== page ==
The long-term effects of Kerala Diabetes Prevention Program on diabetes incidence and cardiometabolic risk: a study protocol

Tilahun Haregu, T. R. Lekha, Smitha Jasper, Nitin Kapoor, Thirunavukkarasu Sathish, Jeemon Panniyammakal, Robyn Tapp, Kavumpurathu Raman Thankappan, Ajay Mahal, Pilvikki Absetz, Edwin B. Fisher, Brian Oldenburg

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    Abstract

    Introduction: India currently has more than 74.2 million people with Type 2 Diabetes Mellitus (T2DM). This is predicted to increase to 124.9 million by 2045. In combination with controlling blood glucose levels among those with T2DM, preventing the onset of diabetes among those at high risk of developing it is essential. Although many diabetes prevention interventions have been implemented in resource-limited settings in recent years, there is limited evidence about their long-term effectiveness, cost-effectiveness, and sustainability. Moreover, evidence on the impact of a diabetes prevention program on cardiovascular risk over time is limited. Objectives: The overall aim of this study is to evaluate the long-term cardiometabolic effects of the Kerala Diabetes Prevention Program (K-DPP). Specific aims are 1) to measure the long-term effectiveness of K-DPP on diabetes incidence and cardiometabolic risk after nine years from participant recruitment; 2) to assess retinal microvasculature, microalbuminuria, and ECG abnormalities and their association with cardiometabolic risk factors over nine years of the intervention; 3) to evaluate the long-term cost-effectiveness and return on investment of the K-DPP; and 4) to assess the sustainability of community engagement, peer-support, and other related community activities after nine years. Methods: The nine-year follow-up study aims to reach all 1007 study participants (500 intervention and 507 control) from 60 randomized polling areas recruited to the original trial. Data are being collected in two phases. In phase 1 (Survey), we are admintsering a structured questionnaire, undertake physical measurements, and collect blood and urine samples for biochemical analysis. In phase II, we are inviting participants to undergo retinal imaging, body composition measurements, and ECG. All data collection is being conducted by trained Nurses. The primary outcome is the incidence of T2DM. Secondary outcomes include behavioral, psychosocial, clinical, biochemical, and retinal vasculature measures. Data analysis strategies include a comparison of outcome indicators with baseline, and follow-up measurements conducted at 12 and 24 months. Analysis of the long-term cost-effectiveness of the intervention is planned. Discussion: Findings from this follow-up study will contribute to improved policy and practice regarding the long-term effects of lifestyle interventions for diabetes prevention in India and other resource-limited settings. Trial registration: Australia and New Zealand Clinical Trials Registry–(updated from the original trial)ACTRN12611000262909; India: CTRI/2021/10/037191.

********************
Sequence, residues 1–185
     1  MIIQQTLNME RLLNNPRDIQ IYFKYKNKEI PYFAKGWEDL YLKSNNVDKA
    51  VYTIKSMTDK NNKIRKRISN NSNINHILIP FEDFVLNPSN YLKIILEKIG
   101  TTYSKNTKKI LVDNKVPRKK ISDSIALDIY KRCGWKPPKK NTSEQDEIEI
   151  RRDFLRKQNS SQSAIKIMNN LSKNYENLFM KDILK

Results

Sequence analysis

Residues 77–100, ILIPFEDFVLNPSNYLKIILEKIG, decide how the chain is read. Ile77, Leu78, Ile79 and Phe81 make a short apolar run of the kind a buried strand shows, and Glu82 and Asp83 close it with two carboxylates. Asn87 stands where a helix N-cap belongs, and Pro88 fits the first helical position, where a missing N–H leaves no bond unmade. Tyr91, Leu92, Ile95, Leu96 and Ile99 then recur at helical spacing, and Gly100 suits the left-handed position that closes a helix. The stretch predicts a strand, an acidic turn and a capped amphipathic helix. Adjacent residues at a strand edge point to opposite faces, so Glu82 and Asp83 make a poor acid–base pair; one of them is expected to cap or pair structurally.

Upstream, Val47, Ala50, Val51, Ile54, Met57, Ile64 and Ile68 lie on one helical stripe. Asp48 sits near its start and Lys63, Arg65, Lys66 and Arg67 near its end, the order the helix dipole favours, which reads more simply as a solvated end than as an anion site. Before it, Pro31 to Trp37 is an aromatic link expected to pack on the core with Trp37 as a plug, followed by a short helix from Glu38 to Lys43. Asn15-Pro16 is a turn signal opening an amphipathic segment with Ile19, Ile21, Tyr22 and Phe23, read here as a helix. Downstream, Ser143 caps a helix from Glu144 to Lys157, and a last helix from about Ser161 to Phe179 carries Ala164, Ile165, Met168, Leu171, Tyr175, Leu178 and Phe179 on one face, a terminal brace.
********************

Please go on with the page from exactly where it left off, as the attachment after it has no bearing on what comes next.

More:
Original languageEnglish
    Article number539
    Number of pages10
    JournalBMC Public Health
    Volume23
    Issue number1
    Early online date22 Mar 2023
    DOIs
    Publication statusE-pub ahead of print - 22 Mar 2023

    Bibliographical note

    This article is licensed under a Creative Commons Attribution 4.0 International License, which permits use, sharing, adaptation, distribution and reproduction in any medium or format, as long as you give appropriate credit to the original author(s) and the source, provide a link to the Creative Commons licence, and indicate if changes were made. The images or other third party material in this article are included in the article’s Creative Commons licence, unless indicated otherwise in a credit line to the material. If material is not included in the article’s Creative Commons licence and your intended use is not permitted by statutory regulation or exceeds the permitted use, you will need to obtain permission directly from the copyright holder. To view a copy of this licence, visit http://creativecommons.org/licenses/by/4.0/. The Creative Commons Public Domain Dedication waiver (http://creativeco mmons.org/publicdomain/zero/1.0/) applies to the data made available in this article, unless otherwise stated in a credit line to the data

    Keywords

    • Study Protocol
    • Diabetes
    • India
    • Kerala
    • Peer support
    • Long-term effects
    • Cardiometabolic
    • Sustainability

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